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Browse the 1966 Encyclopaedia of New Zealand
Graphic: An Encyclopaedia of New Zealand 1966.


This information was published in 1966 in An Encyclopaedia of New Zealand, edited by A. H. McLintock. It has not been corrected and will not be updated.

Up-to-date information can be found elsewhere in Te Ara.




The Department of Health

An organised system of public health was first introduced in New Zealand by the Public Health Act 1872. By this Act a Central Board of Health was set up in each province, and power was given to each local authority to assume the functions of a Local Board of Health for its district. Of the Provincial Boards of Health, that of Auckland was the only one to carry out a sustained and constructive public health policy, and it was able to do this because it wisely appointed a salaried medical officer as its adviser. The Canterbury Board made a promising beginning, but soon lapsed into being solely a quarantine authority. Of the remainder some were entirely inactive, and others met from time to time but achieved little. Of the Local Boards of Health, that of Dunedin operated efficiently. It appointed a salaried medical officer, and, with his advice and encouragement, it was, for a few years, an active and enlightened board of health.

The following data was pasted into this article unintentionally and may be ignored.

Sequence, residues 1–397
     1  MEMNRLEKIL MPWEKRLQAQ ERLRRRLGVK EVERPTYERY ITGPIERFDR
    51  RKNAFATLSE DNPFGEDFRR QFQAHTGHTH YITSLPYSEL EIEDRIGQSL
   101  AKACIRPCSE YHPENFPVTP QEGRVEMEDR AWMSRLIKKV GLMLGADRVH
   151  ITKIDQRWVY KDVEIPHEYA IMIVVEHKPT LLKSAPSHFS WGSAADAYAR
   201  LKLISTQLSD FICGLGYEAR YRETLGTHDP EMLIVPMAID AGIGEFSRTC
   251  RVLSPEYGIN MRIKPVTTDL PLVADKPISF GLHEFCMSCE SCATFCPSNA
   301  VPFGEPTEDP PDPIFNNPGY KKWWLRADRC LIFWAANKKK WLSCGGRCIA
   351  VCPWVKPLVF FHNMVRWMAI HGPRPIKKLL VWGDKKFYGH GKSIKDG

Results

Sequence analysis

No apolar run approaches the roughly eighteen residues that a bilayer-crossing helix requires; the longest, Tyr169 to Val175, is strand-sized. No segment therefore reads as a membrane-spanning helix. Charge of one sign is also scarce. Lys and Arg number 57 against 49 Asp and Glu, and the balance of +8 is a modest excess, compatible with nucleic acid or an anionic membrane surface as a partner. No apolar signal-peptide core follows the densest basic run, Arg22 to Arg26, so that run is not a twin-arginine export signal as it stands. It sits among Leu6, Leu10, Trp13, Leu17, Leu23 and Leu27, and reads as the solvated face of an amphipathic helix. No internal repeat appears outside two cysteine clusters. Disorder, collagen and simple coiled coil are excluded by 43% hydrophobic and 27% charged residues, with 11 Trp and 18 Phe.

In 1876 the Provincial Governments were abolished and a new Public Health Act was passed setting up a Central Board of Health for the colony, and appointing each local authority as the Local Board of Health for its district. The Christchurch Drainage Board had been established in the previous year, and a special provision of the Public Health Act 1876 appointed the board as the Local Board of Health for the whole drainage district – that is to say, for the whole of the Christchurch metropolitan area.